The Return Of Ozzie Guillen

Ozzie Guillen returns to the Miami Marlins on Tuesday, having served his five-game suspension for making favorable comments about Fidel Castro. He'd probably love to put this whole thing behind him. The Marlins would like to put the whole thing behind them. Ninety-five percent of the baseball-loving world would like to put the whole thing behind them.

The whole thing will hang around, thank you very much. It'll be something that harangues Ozzie every time his face is on a Miami television or in a Miami newspaper. This is like the old joke about the guy who wishes he were called John the Dock-builder instead of the name he was given -- sorry, Ozzie. This is what you're known for now.

(An aside: There are five new managers in baseball this year. Robin Ventura is best known for a 16-year-long career that included him getting punched in the head by a player who was as old as Ventura is now. Mike Matheny is best known for his quiet defense and leadership. Dale Sveum is best known for the silent 'v' in his name. The other two guys were best known for being brash and abrasive. Guess which two of the five are in hot water?)

The best sign of how serious the Marlins are taking this (hat-tip to Big League Stew):



The Marlins were proud of their Ozzie Guillen hire. They gave him his own bobblehead day, which they announced in early March. Now the promotion is gone, wiped completely from the current promotional schedule. That leaves 20,000 Ozzie Guillen bobbleheads that will have to be disposed of. Where will they go?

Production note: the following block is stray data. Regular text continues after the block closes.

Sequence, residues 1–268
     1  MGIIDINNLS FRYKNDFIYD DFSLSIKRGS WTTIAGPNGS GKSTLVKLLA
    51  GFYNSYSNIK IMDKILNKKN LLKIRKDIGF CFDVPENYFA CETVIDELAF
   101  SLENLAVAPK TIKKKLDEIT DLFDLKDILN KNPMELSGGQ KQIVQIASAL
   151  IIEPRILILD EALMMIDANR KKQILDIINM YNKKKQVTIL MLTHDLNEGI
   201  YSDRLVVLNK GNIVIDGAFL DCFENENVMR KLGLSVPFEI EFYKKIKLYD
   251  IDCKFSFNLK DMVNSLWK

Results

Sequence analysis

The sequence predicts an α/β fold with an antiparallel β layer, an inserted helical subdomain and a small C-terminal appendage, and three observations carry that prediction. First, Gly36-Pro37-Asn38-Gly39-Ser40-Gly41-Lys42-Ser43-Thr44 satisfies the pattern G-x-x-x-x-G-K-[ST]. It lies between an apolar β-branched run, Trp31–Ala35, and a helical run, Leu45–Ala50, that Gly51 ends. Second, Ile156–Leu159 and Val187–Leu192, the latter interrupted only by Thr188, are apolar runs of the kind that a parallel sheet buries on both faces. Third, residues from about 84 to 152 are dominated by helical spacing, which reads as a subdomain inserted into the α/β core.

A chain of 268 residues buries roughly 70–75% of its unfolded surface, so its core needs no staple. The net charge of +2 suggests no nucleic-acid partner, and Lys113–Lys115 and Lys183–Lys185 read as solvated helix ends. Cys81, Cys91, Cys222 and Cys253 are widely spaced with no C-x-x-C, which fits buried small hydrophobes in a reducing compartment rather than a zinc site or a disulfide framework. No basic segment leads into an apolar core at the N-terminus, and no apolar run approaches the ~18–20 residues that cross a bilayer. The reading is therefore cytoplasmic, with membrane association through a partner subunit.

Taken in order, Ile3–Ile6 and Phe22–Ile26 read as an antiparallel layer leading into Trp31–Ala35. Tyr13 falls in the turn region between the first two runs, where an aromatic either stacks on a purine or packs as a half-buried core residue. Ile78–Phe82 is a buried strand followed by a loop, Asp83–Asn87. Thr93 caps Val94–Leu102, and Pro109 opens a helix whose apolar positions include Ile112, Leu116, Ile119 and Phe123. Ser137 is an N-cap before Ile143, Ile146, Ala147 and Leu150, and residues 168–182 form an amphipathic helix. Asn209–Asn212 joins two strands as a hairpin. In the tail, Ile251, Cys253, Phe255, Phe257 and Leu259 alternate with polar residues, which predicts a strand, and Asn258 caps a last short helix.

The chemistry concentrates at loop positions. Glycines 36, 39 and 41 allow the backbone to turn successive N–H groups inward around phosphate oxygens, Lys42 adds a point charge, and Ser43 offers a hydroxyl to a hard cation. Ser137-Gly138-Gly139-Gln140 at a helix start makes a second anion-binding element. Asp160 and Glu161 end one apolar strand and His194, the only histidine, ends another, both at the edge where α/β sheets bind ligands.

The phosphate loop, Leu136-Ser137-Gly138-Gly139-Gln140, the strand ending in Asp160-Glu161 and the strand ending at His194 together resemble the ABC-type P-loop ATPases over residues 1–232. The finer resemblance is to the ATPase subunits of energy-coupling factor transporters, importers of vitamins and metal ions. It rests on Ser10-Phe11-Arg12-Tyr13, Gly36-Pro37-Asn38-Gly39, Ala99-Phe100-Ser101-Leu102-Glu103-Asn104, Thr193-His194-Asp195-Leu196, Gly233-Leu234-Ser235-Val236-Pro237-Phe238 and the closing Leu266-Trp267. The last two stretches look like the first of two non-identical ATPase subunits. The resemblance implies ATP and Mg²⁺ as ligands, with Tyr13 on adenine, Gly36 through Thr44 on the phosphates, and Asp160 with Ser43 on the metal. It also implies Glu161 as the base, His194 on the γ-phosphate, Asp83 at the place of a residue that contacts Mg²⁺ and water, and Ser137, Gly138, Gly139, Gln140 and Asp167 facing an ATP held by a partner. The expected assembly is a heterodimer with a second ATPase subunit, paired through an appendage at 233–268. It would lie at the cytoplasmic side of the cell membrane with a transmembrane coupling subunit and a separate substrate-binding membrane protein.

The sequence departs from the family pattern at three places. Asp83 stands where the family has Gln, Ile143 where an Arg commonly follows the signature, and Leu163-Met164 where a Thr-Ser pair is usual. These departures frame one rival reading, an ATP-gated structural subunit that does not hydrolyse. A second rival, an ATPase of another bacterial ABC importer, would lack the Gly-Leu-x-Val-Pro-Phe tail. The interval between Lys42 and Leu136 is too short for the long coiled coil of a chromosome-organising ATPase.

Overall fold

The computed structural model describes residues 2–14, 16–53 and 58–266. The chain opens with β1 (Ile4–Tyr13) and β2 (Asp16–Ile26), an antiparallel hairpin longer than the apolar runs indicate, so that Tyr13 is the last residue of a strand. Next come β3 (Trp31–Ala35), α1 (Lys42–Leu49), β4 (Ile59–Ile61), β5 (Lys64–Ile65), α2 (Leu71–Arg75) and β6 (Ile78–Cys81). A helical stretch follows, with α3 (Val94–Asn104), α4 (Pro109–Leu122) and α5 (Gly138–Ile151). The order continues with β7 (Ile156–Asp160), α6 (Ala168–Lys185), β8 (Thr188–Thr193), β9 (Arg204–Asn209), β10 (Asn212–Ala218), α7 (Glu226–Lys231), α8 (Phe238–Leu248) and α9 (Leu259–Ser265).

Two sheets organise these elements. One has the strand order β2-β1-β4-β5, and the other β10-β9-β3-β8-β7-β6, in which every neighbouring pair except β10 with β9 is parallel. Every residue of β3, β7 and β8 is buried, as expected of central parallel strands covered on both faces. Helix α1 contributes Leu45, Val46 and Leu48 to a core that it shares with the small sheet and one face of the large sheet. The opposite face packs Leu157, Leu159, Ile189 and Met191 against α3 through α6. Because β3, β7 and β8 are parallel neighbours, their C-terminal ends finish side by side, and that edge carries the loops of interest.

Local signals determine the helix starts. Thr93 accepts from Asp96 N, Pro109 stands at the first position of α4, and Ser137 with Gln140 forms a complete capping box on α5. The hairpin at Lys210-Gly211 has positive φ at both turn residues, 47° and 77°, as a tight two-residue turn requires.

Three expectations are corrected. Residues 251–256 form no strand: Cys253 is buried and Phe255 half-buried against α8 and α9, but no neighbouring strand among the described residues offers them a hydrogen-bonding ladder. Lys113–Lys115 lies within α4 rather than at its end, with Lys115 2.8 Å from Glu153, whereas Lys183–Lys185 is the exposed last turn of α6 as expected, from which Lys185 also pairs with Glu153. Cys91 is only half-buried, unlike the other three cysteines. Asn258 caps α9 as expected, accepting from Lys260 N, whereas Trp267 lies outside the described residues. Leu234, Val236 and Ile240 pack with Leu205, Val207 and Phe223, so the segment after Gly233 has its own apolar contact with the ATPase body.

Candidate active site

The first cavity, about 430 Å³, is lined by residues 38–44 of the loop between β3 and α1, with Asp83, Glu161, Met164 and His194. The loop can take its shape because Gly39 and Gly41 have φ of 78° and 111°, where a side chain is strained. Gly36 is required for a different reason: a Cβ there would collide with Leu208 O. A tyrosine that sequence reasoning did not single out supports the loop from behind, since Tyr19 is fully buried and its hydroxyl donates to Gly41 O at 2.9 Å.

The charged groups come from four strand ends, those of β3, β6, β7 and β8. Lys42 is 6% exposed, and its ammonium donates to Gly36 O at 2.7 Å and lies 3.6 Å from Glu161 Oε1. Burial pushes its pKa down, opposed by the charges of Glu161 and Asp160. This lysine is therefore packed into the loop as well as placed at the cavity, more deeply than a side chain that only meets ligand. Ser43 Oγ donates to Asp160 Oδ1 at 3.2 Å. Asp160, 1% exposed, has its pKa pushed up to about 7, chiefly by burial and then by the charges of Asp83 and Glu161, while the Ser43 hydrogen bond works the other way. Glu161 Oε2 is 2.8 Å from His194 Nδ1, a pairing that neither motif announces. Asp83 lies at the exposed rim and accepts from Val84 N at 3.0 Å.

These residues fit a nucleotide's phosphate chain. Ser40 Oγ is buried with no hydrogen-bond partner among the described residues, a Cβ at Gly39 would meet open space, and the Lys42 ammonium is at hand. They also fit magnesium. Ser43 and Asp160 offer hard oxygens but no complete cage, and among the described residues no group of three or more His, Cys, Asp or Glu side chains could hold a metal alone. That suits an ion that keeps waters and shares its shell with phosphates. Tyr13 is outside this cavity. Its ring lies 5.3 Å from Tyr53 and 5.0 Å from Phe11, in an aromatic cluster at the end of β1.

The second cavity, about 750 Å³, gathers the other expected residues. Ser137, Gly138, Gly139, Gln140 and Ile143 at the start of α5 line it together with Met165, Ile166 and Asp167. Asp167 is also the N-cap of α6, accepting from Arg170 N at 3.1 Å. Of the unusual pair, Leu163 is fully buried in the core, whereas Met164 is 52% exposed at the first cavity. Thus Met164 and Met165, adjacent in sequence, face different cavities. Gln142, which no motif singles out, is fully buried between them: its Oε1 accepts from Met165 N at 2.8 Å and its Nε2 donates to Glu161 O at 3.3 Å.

He shudders awake, choking on the the desert air. Forty thousand unblinking eyes are on him. Smiling faces, bobbing in the arid breeze. He jumps back.

"Welcome to your new home, your new life. My name is Manny. All of us -- our name is Manny." His head can't stop bobbing. None of their heads stop bobbing. Their white Rays jerseys reflect the harsh afternoon sun.

"I would like to introduce you to our wives. Honey?"

Twenty thousand Atari 2600 E.T. cartridges wave. Underneath them, thousands of little half-Manny/half-E.T. cartridges run around, playing, their heads bobbing atop a black, rectangular body.

"You're home now. Welcome home."

And for the first time in his life, Ozzie Guillen can't say a word.

This would have been the most awkward promotion since the "Dress Up as Your Favorite Running Back!" promotion that the Buffalo Bills cancelled in June of '94. There will be no bobbleheads for Guillen. No special mentions. He is to manage, and manage only. The Marlins hired him to be a face of the franchise. They got their wish in that weird monkey-paw kind of way.

The difference between Guillen and Bobby Valentine is that Valentine will be forgiven with a 95-win season and a championship. No one will give a rip about what he said about Kevin Youkilis in April if the Red Sox win. There's an out. It might be somewhat unlikely, but there's an out.

There's no out for Guillen. There are protests scheduled for Tuesday night. They might die down before the fourth inning. They might die down before next Friday. Or this might be a thing that the Marlins have to address with an indelicate touch. For the first time in recent memory, a manager is having problems that winning probably isn't going to solve.


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